The studies found that a history of abuse, lack of positive social support, and isolation from family significantly increase older Chinese Americans’ risk of experiencing elder abuse, chronic health conditions, and even early death. Culturally-sensitive screening for a history of violence among minorities – the key to improving care – remains inadequate, however.
“Violence over the life course has a profoundly negative impact on victims’ lives and our society,” said lead researcher, XinQi Dong, director of the Rutgers Institute for Health, Health Care Policy and Aging Research and Chair of the National Health Collaborative on Violence and Abuse. “Our research found that violence is prevalent, cumulative and leads to significant adverse health outcomes, including poor physical and mental health, chronic pain, greater use of healthcare services, and increased risk of early death.”
Researchers interviewed 3,157 Chinese Americans aged 60 and older and found child abuse, intimate partner violence, negative social support, and isolation from family were potential predictors of elder abuse, including psychological and physical mistreatment, caregiver neglect, and financial exploitation.
According to the studies, 11.4% of study respondents reported experiencing child maltreatment, 6.5% reported intimate partner violence, and 15.2% reported elder abuse. Because traditional cultural values often prevent Chinese older adults from disclosing potential abuse to maintain family harmony, the numbers are likely much higher.
The articles illustrate how various factors contribute to increased risk of elder abuse.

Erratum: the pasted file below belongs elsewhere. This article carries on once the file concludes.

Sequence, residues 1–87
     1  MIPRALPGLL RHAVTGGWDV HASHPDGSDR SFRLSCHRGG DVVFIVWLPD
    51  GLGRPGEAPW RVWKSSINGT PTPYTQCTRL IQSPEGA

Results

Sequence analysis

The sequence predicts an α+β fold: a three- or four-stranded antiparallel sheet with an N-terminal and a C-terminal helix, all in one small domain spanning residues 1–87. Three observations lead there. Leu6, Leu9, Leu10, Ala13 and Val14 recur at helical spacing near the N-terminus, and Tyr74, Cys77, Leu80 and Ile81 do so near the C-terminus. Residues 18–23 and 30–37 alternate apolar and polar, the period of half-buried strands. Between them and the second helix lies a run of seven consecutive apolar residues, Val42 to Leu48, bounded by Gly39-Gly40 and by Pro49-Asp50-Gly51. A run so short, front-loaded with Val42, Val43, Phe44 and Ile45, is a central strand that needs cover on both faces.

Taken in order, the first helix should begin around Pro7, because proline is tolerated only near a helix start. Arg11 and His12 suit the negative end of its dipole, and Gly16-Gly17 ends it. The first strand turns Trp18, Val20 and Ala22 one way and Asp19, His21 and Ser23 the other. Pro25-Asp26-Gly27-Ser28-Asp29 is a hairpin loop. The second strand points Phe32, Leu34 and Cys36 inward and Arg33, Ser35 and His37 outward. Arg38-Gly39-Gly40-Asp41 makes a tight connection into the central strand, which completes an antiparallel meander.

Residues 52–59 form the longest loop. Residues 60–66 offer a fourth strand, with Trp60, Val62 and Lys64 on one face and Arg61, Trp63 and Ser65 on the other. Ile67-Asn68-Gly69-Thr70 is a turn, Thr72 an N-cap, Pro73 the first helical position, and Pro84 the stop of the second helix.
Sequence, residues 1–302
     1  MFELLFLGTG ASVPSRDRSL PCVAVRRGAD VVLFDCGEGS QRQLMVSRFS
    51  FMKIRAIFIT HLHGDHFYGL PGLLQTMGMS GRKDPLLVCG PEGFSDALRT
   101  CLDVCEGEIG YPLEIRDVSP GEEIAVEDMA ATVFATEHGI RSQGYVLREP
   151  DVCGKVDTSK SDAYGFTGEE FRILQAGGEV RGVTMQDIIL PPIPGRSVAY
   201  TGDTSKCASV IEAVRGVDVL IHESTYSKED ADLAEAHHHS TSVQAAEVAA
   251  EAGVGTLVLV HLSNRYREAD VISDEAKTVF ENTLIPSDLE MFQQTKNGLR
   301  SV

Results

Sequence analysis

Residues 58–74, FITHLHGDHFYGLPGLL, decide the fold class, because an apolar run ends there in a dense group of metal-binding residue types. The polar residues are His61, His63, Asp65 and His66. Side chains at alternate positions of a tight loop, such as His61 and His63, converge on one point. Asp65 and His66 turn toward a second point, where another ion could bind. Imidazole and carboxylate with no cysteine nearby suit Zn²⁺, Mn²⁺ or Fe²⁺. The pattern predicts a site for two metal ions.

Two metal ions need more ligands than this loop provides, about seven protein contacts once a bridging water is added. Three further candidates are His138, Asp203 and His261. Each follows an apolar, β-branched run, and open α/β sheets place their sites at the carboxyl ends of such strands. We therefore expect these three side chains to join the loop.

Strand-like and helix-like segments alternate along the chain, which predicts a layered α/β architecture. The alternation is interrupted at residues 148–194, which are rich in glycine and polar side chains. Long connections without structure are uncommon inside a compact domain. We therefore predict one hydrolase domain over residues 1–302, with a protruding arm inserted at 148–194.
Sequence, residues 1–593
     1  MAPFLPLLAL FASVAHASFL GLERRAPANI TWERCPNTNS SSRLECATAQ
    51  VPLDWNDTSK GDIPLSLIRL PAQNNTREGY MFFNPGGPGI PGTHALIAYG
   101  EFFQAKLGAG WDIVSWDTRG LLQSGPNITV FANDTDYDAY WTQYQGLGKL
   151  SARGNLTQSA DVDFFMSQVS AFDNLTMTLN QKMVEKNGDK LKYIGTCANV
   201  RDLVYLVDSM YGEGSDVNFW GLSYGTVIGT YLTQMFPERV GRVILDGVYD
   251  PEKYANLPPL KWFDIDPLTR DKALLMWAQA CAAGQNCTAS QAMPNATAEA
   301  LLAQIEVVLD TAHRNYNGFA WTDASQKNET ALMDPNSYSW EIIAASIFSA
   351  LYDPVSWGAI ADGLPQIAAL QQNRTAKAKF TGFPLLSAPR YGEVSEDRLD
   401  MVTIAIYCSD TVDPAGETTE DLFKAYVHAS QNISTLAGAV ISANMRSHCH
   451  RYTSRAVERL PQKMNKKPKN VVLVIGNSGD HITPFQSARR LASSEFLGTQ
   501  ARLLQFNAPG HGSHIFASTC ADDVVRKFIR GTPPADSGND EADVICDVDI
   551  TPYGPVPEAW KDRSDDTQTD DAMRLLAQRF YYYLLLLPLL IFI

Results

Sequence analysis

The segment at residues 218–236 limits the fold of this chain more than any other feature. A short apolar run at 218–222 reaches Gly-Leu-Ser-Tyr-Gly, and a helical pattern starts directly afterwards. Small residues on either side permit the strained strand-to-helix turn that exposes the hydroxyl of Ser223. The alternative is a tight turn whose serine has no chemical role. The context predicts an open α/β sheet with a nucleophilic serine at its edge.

The research findings continue to challenge the “model minority myth” – the misperception that the U.S. Asian populations are more economically prosperous, highly educated, have active social and familial relationships, and are healthier than the general population.
“The research has exposed the truth behind the myth,” said Dr. Dong. “The truth is that older Chinese Americans are often economically vulnerable, less educated, and suffer from a wide range of health problems exacerbated by the lack of linguistically/culturally sensitive care.”
According to Dong, healthcare professionals must work to develop culturally customized services for older minorities.
“Our research suggests that healthcare providers serve a critical role in interrupting the cycle of violence,” Dong continued. “To ensure adequate, equitable, and culturally-sensitive care, healthcare providers, must overcome cultural and linguistic barriers to care.”
Dong said, by assessing patients for a history of violence, inquiring into family dynamics- focusing on stressors like immigration and acculturation processes – and exploring sources of social support, providers can better screen for elder abuse and, ultimately, improve patients’ quality of life.